Sol Plaatje was born 9 October 1876, and died 19 June 1932
- Awaking on Friday morning, June 20, 1913, the South African Native found himself, not actually a slave, but a pariah in the land of his birth.
- So long as there are two men left on earth there will be war.
- Strange to relate, these simple folk were perfectly happy without money and without silver watches. Abject poverty was practically unknown; they had no orphanages because there were no nameless babies.
- The viewpoint of the ruler is not always the viewpoint of the ruled.
- A man was not made to live alone.
- For to crown all our calamities, South Africa has by law ceased to be the home of any of her native children whose skins are dyed with a hue that does not conform to the regulation hue.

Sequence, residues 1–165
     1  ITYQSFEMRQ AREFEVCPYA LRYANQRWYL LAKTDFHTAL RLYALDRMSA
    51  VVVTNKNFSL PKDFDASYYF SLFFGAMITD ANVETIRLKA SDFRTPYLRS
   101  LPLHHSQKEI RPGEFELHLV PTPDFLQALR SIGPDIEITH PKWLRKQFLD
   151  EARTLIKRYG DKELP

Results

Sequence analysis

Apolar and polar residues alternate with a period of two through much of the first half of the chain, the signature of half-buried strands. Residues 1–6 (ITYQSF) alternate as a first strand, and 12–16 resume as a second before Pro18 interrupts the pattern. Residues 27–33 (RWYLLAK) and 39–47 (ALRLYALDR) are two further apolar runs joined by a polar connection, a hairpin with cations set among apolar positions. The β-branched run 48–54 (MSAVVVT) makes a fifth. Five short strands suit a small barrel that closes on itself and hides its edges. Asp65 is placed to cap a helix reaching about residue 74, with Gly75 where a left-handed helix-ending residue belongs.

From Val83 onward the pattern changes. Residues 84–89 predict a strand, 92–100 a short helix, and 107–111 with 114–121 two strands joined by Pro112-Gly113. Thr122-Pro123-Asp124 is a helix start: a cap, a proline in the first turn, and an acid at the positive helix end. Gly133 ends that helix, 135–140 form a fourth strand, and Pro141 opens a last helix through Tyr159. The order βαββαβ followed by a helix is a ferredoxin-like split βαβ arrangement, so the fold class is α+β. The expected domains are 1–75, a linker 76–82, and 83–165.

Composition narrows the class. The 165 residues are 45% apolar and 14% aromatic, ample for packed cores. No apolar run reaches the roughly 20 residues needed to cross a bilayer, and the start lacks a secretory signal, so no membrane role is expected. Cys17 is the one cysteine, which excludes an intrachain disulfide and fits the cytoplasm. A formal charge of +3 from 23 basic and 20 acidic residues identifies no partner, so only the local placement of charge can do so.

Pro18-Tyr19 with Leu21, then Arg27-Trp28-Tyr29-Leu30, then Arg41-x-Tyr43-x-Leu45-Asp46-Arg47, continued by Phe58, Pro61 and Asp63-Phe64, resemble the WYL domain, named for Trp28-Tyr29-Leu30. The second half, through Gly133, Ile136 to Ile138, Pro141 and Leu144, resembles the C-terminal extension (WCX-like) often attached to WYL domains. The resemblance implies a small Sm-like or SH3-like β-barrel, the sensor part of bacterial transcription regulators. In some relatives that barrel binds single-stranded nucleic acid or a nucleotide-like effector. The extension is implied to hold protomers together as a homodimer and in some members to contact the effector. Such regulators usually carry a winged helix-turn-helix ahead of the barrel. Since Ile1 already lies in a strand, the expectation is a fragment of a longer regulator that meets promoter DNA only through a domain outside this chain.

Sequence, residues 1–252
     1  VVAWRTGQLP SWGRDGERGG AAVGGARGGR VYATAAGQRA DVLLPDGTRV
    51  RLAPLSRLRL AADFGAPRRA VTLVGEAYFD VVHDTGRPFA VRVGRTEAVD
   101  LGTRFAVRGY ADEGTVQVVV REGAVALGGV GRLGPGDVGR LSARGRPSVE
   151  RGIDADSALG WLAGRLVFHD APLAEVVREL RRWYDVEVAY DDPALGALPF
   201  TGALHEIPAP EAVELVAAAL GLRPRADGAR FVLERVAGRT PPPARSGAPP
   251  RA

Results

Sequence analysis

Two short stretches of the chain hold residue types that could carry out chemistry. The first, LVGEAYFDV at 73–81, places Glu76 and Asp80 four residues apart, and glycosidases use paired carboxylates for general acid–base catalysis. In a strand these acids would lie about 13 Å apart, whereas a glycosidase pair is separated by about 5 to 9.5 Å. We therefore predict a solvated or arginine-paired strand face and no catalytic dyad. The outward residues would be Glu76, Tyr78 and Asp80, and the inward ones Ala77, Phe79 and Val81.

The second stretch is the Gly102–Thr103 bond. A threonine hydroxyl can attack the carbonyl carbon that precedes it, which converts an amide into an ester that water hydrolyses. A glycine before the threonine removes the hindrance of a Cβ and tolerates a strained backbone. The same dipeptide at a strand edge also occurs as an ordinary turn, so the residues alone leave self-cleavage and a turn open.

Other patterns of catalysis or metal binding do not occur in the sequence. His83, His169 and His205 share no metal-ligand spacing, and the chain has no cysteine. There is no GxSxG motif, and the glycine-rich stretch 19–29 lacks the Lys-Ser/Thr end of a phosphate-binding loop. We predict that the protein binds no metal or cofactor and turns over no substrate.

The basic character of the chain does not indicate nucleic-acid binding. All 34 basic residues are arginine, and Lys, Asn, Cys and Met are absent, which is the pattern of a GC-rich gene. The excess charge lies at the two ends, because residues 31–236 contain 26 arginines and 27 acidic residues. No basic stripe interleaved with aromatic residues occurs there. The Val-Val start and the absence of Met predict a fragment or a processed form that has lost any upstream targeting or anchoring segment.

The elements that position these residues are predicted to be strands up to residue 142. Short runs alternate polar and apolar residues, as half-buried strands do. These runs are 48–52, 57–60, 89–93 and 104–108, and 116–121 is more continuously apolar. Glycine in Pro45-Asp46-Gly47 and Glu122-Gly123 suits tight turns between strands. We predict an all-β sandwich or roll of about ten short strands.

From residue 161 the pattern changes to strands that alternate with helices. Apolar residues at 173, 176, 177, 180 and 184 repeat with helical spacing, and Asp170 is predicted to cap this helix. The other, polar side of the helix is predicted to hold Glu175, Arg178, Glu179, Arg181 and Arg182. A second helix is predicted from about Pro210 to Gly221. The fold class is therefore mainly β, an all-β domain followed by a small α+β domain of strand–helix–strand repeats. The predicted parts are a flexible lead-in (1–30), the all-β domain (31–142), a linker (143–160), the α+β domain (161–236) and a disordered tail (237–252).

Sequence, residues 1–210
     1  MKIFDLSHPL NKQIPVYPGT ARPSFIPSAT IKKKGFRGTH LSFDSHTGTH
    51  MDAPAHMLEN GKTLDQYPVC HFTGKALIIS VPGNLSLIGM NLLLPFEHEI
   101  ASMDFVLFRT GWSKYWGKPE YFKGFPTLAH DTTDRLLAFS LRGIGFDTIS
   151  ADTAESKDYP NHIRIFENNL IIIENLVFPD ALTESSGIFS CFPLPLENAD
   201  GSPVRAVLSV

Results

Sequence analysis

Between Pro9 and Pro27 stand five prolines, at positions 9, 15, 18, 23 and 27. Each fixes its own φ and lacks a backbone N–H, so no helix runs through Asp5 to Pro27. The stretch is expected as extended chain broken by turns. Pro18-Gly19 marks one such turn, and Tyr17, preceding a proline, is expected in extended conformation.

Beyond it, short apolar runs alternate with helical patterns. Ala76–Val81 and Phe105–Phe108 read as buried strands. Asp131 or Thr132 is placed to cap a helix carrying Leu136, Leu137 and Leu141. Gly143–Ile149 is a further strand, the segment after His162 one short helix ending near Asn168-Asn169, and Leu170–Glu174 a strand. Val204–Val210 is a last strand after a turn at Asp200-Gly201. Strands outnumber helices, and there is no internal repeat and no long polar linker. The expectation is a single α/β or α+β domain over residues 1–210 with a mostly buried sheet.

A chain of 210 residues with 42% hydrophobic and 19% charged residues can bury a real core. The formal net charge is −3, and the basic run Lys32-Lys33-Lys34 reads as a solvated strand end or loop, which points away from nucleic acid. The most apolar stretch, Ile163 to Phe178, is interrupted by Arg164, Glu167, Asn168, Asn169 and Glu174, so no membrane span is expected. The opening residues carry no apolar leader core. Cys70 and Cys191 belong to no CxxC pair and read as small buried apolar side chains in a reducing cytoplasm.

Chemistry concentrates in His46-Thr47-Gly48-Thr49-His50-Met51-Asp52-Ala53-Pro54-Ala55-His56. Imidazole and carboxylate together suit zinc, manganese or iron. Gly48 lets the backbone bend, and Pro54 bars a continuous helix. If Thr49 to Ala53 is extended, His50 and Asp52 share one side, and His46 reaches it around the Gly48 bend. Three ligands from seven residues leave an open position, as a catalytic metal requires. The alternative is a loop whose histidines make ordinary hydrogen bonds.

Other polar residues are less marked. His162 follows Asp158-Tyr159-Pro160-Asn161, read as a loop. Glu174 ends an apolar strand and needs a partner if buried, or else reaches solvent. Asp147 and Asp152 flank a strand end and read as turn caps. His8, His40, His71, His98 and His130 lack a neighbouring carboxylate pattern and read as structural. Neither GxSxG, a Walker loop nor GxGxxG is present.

- The gods are cruel, and one of their cruellest acts of omission was that of giving us no hint that in very much less than a quarter of a century all those hundreds of heads of cattle, and sheep and horses belonging to the family would vanish like a morning mist. They might have warned us that Englishmen would agree with Dutchmen to make it unlawful for black men to keep cows of their own. The gods could have prepared us gradually for shock.
Sol Plaatje was a South African intellectual, journalist, linguist, politician, translator and writer. He wrote Mhudi, the first full-length novel in English by a black South African. He was the first person to translate Shakespeare into an African language. The Sol Plaatje Local Municipality, which includes the city of Kimberley, is named after him, as is the Sol Plaatje University, due to open its doors in 2014.